Liposuction is a plastic surgery procedure that removes extra fat from the body. It’s also called lipo, lipoplasty, or body contouring. It’s considered a popular cosmetic surgery option.
People get liposuction to improve the shape or contours of their body. They want to remove excess fat from areas such as the thighs, hips, buttocks, abdomen, arms, neck, or back. Usually, they’ve tried diet and exercise and can’t get rid of these fat deposits.
Liposuction isn’t a weight loss treatment. It has serious risks and possible complications, so it’s important to talk to your doctor before considering it.
Liposuction requires going under anesthesia for the procedure. This means you won’t feel any pain during the liposuction surgery. However, you’ll feel pain after the procedure. Recovery can also be painful.
Depending on what parts of the body require liposuction, you may have a shorter or longer hospital stay. Some procedures can be done in an outpatient center. It’s common to have pain, swelling, bruising, soreness, and numbness after liposuction.
To minimize pain before the procedure, you can:
- talk to your doctor about pain concerns
- discuss the type of anesthesia that will be used
- ask about any medications you can take before the procedure
To minimize pain after the procedure:
- take all prescribed medications, including pain pills
- wear the recommended compression garments
- keep the drains after surgery in place based on your doctor’s recommendations
- rest and try to relax
- drink fluids
- avoid salt, which can increase swelling (edema)
Some people are good candidates for liposuction, and others should avoid it. Talk to your doctor to determine if liposuction is the right option for you. Discuss your concerns with them.
Good candidates for liposuction include people who:
- don’t have a lot of excess skin
- have good skin elasticity
- have good muscle tone
- have fat deposits that won’t go away with diet or exercise
- are in good physical shape and overall health
- aren’t overweight or obese
- don’t smoke
You should avoid liposuction if you:
- have chronic health problems
- have a weak immune system
- are overweight
- have saggy skin
- have a history of diabetes, cardiovascular disease, deep vein thrombosis (DVT), or seizures
- take medications that can increase the risk of bleeding, such as blood thinners
Liposuction is a serious surgery with multiple risks. It’s important to discuss all the risks of liposuction with your doctor before having the procedure.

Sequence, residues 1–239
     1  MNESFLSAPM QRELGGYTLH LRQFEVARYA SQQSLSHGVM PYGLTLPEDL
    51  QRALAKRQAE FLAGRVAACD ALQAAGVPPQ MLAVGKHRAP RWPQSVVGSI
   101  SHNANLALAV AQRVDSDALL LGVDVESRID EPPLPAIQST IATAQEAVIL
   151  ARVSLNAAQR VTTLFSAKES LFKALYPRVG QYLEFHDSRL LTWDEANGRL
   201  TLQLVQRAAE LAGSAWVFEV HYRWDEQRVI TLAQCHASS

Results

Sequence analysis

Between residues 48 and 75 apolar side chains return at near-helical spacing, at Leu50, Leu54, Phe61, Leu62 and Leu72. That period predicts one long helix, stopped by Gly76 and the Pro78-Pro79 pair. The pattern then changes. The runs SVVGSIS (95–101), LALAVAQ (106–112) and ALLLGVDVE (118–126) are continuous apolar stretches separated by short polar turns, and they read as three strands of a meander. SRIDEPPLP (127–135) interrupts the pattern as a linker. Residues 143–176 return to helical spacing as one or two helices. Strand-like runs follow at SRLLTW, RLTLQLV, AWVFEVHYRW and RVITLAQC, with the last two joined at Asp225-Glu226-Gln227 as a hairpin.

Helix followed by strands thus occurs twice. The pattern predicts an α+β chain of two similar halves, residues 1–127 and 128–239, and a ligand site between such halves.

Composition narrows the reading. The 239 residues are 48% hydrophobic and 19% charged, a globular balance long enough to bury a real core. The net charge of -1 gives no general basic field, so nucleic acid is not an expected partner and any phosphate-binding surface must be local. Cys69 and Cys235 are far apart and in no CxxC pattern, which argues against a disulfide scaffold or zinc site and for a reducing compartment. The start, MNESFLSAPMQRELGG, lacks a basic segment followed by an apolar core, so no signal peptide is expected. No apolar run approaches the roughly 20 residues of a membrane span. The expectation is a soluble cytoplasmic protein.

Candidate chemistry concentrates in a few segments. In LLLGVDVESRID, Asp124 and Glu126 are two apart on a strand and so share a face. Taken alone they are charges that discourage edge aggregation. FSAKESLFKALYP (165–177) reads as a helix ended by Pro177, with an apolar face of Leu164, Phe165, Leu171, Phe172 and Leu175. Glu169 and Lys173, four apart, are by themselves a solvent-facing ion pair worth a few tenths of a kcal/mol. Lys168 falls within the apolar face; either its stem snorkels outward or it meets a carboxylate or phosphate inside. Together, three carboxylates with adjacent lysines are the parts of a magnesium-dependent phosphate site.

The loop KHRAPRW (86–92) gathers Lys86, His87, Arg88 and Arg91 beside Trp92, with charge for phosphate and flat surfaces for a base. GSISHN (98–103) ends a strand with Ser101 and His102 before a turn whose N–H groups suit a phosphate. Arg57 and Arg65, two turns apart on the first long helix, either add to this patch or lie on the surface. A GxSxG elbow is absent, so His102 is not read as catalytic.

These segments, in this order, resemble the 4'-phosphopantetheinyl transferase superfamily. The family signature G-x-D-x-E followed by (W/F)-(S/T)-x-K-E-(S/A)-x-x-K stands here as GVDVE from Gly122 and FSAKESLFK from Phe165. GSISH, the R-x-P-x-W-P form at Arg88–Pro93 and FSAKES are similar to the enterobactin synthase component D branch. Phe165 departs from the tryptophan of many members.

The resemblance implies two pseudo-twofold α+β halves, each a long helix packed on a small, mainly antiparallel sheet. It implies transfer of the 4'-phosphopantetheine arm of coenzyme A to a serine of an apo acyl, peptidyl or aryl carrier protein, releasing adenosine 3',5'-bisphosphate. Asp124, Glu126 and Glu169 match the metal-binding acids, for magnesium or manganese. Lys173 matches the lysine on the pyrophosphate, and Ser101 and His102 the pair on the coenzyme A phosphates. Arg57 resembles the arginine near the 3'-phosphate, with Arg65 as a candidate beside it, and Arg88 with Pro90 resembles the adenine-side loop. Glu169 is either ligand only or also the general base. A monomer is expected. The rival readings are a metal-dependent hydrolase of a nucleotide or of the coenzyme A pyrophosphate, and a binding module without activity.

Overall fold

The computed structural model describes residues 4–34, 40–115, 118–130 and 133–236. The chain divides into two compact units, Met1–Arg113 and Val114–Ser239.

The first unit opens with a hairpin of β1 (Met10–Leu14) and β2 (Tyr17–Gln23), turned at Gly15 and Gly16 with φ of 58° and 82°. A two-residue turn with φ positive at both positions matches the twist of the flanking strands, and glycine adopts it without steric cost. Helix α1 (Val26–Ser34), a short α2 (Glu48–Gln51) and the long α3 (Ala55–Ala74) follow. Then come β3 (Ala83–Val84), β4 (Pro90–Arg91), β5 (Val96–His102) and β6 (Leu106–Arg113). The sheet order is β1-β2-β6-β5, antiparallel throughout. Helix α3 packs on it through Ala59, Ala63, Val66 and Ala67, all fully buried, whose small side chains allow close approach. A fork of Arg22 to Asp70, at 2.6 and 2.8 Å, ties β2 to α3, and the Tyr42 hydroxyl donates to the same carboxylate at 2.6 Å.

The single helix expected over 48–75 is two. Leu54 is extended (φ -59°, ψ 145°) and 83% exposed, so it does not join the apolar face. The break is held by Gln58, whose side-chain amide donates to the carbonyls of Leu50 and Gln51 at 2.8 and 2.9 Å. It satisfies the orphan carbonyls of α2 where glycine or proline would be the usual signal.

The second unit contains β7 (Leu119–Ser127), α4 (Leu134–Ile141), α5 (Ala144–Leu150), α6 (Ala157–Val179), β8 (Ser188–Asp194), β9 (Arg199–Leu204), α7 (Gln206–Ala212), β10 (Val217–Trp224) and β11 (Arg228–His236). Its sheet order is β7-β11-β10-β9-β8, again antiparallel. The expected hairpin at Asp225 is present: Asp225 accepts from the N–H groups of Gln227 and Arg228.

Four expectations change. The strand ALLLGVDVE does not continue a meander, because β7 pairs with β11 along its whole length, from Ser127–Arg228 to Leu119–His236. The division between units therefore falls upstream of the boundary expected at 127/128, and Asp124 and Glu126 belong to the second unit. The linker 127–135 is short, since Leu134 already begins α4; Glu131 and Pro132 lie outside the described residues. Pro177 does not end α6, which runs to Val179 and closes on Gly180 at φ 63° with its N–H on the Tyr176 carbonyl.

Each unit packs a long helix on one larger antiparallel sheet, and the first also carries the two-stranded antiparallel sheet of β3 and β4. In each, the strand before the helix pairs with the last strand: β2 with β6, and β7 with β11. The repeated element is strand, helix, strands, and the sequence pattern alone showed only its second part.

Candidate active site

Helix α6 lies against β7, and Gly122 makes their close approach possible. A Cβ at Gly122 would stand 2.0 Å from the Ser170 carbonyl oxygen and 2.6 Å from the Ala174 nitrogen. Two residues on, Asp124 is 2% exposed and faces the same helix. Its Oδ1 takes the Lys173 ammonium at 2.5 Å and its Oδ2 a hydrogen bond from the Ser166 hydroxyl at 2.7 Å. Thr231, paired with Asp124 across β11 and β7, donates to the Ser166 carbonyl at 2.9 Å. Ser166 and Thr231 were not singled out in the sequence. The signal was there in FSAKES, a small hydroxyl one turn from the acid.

Risks during surgery
The risks during surgery include:
- puncture wounds or injuries to other organs
- anesthesia complications
- burns from equipment, such as ultrasound probes
- nerve damage
Risks immediately after the procedure
The risks after the procedure include:
- blood clot in the lungs
- too much fluid in the lungs
- fat clots
- hematoma (bleeding under the skin)
- seroma (fluid leaking under the skin)
- edema (swelling)
- skin necrosis (the death of skin cells)
- reactions to anesthesia and other medications
- heart and kidney problems
Risks during recovery
The risks during recovery include:
- problems with the shape or contours of the body
- wavy, dimpled, or bumpy skin
- numbness, bruising, pain, swelling, and soreness
- fluid imbalances
- changes in skin sensation and feeling
- skin color changes
- problems with healing
The long-term side effects of liposuction can vary. Liposuction permanently removes fat cells from the targeted areas of the body. So, if you gain weight, the fat will still be stored in different parts of the body. The new fat can appear deeper under the skin, and it can be dangerous if it grows around the liver or heart.
Some people experience permanent nerve damage and changes to skin sensation. Others may develop depressions or indentations in the areas that were suctioned, or may have bumpy or wavy skin that doesn’t go away.
Liposuction is an elective cosmetic procedure that has major risks. It’s not a substitute for weight loss, and not everyone is a good candidate for it. Make sure you meet with a board-certified plastic surgeon and discuss the potential complications and risks before the surgery.